From: Goffioul Michael <goffioul@im...>  20050720 15:00:15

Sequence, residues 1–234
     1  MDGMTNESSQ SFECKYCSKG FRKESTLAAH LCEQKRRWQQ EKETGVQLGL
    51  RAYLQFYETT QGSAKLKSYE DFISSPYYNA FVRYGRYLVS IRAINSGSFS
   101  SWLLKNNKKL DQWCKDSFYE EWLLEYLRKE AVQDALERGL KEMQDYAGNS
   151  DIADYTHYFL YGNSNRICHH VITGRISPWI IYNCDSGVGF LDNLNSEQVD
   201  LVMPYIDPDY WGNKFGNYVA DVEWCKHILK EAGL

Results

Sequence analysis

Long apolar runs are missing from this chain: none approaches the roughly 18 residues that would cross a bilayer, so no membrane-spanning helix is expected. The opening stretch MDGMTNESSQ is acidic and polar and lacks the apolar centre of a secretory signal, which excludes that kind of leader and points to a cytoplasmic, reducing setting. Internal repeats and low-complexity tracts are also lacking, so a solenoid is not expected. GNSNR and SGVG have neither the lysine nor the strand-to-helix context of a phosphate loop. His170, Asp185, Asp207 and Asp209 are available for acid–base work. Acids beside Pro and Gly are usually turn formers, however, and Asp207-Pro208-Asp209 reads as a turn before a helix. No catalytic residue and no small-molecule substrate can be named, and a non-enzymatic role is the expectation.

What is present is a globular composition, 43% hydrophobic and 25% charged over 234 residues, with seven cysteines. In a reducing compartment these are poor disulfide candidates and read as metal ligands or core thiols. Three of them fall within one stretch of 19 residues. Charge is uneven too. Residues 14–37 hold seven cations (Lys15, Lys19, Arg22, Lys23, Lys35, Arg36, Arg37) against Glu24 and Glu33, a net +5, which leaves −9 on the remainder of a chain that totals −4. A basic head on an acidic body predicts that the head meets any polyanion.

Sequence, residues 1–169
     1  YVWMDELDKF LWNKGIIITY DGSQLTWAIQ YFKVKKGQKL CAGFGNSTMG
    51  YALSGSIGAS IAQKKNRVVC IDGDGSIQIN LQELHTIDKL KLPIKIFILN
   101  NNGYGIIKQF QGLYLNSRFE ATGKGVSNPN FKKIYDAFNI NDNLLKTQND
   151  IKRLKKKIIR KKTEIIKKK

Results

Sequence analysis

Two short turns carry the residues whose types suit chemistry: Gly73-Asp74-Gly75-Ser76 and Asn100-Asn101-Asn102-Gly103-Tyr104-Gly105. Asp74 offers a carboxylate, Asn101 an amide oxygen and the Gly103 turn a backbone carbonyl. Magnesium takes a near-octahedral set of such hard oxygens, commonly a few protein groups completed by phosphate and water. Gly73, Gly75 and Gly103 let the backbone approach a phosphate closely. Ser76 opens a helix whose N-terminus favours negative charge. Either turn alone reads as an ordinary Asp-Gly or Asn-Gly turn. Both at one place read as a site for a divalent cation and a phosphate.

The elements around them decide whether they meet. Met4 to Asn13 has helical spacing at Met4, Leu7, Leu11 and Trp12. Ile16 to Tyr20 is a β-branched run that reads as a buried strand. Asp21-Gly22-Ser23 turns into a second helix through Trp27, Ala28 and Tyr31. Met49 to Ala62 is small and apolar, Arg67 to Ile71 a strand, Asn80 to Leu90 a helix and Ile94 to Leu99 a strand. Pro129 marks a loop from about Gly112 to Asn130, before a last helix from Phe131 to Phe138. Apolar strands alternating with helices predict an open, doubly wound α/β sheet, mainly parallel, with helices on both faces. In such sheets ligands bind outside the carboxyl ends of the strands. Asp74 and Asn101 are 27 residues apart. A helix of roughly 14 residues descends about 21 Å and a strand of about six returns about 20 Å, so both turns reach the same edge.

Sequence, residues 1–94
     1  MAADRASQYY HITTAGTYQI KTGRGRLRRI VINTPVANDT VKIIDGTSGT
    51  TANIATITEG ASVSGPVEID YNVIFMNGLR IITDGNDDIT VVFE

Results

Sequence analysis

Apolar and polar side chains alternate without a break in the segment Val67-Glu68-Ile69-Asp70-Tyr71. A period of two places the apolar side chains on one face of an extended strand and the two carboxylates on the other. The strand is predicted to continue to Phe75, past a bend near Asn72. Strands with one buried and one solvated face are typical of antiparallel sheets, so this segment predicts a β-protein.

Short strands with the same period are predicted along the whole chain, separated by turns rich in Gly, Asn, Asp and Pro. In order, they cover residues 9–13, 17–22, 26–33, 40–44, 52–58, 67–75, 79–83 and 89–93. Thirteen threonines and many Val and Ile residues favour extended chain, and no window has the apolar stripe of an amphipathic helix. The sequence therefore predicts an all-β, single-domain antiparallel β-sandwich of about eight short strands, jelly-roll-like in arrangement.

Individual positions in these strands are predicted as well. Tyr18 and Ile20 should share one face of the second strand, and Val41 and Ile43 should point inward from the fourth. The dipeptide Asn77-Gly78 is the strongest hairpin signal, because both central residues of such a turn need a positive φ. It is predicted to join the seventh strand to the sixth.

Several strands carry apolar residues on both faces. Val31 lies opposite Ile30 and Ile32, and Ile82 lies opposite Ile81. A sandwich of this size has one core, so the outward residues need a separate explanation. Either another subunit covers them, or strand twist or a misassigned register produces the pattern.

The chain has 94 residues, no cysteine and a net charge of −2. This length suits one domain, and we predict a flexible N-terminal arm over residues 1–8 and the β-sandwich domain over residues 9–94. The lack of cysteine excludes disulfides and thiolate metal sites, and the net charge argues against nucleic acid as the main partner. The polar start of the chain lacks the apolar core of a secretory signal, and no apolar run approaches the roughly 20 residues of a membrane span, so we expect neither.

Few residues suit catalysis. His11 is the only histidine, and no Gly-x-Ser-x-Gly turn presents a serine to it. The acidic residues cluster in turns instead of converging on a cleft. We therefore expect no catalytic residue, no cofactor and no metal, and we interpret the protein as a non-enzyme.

> On Wed, 20 Jul 2005 16:15:20 +0200 > "Goffioul Michael" <goffioul@...> wrote: >=20 > > > On Wed, 20050720 at 13:32 +0200, Goffioul Michael wrote: > > > > Do you think that extending ECL to support inifinity and=20 > > > NaN as special > > > > numbers is possible (without too much effort)? I know this=20 > > > is not part > > > > of ANSI, but it can be very convenient. > > >=20 > > > The effort is precisely on ensuring that it does not=20 > > > contradict the ANSI > > > semantics. Do you know how this is handled, say for instance,=20 > > > in CMUCL? > >=20 > > It uses special constants defined in the EXT package. See=20 > for example > >=20 > http://commonlisp.net/project/cmucl/doc/cmuuser/extensions.h > tml#toc7. > > But as you say, the problem is to not contradict ANSI.=20 > Thinking about > > it, does ANSI state that (/1 0) MUST signal an error? Looking at > > HyperSpec, it uses MIGHT. From CMUCL doc, it seems that this depends > > on some trapping flag. >=20 > Having (/ 1 0) signal no error violates the POLA for quite some users, > and is mathematically incorrect (infinity is no number). When does it > come handy? When you do engeering computation. For example, to convert a cubic representation (a1, a3) of an amplifier into the more common parameters (Gain, IIP3): for a linear amplifier, a3=3D0, hence IIP3 is infinite. It's then handy to have 1/0=3DInf to avoid special cases in your = computation. In the same way, 1/Inf=3D0 is also handy. Michael.